Thursday, October 18, 2007

Sierra Nevada: Harvest Fresh Hop Ale

Sometimes I forget where beer comes from. This beer will remind you.
Beer like most foods, comes from the ground. However while enjoying a brew it is an easy fact to forget.

Sierra Nevada does a great job at reminding you that beer is an agricultural product. Last month I went to Chico, California to drink Sierra Nevada and party like I was still in college. I went to a birthday party at the brewery and restaurant. At Sierra Nevada Brewing Co I was thoroughly surprised how many beers they had on tap; 14 at the time. Naturally, with such a selection I asked every bar tender and waiter what was the best beer that Sierra makes. Unfortunately, my question was too broad. The #1 answer I got was Sierra's Harvest Ale, which was not on tap at the time. As it's a seasonal beer. For the record; the traditional pale ale is so fresh there it is to die for.

I was excited when the latest version of the harvest ale came out recently in bottles, since I had heard so much about it. It's a little more expensive than other one bottle brews. But its a 24 oz bottle. So you get your liquid worth. Back to the beer, Sierra Nevada wrote the book on Harvest ales. Literally. They invented the idea. A harvest ale, for all intents and purposes, is a pale ale brewed with fresh hops. Eleven years ago, SNBC picked their hops (they ship in most but have their own field too), and then instead of drying them (think the Sam Adams TV commercials with the brewmaster with the piles of dried hops) brewed a batch of beer with the fresh hops. Most breweries didn't have the size, money, and capability to pick their own hops, ship 'em to their brewery, and install the proper filtration system to make it all work. But for the past 11 years Sierra has been making it happen.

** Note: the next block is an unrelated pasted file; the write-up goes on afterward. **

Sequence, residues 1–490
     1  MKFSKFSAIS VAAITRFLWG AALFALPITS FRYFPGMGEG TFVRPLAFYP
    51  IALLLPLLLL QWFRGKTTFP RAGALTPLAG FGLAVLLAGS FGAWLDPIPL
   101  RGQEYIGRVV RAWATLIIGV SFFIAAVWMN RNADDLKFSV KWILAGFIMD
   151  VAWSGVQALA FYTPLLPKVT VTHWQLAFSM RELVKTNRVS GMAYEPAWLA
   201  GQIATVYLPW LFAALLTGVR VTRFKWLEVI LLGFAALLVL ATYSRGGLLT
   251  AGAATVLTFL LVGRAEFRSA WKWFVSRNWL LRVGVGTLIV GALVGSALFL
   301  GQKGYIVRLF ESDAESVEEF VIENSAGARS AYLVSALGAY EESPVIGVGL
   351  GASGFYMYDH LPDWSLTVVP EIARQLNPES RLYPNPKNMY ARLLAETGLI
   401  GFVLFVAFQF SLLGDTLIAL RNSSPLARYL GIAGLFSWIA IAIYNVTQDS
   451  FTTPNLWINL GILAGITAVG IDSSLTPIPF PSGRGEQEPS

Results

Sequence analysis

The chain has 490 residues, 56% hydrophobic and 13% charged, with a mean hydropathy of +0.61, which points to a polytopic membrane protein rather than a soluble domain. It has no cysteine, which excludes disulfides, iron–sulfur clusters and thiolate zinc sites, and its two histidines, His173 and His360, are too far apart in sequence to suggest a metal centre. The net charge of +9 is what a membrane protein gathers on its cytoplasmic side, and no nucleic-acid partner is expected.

The harvest ale does look and taste like a traditional american pale ale. Darker golden color, with a bitter taste that you want from a pale. However, the best feature of this ale is the resins from the hops are more flavorful because they do not lose their flavor in the process of drying. Sierra also claims that keeping the hops fresh adds aromas and spices. I actually disagree (no extra aromas or spices in my opinion), but you can taste the hoppy resin. According to Sierra staff, only 7 other breweries last year made harvest ales. Most agree that Sierra Nevada is doing the best job because their vast experience in this unique ale. However, this beer is good but not as great as hyped. I really like SN and was hoping it would be a top 10. No luck. But it is a fun taste and a twist on the traditional pale. And this beer also reminds you that at harvest time Sierra Nevada is taking 8,000 pounds of hops and making it into beer in a 2 day period. Which is a cool concept. Beer comes from the ground, who knew?


Maxwell said...

Spot on, governor. Spot on.

Mattie said...

Note: the picture in this review is of the 12th edition while the review covers the 11th release. I just wanted to make that clear as there is a slight taste difference between each edition.
I updated the picture because the old picture was terrible. I apologize for the old shot.
But I think this pic is better.
I like including the pictures so you the reader can see the label and if the review sparks your interest, find and easily spot the beer if you decide to buy it. The fresh hop label doesn't change that much from year to year so this picture should serve its identifying function.
Also there is something great about looking a freshly poured be and appreciating its aesthetic value.
Enjoy. Cheers.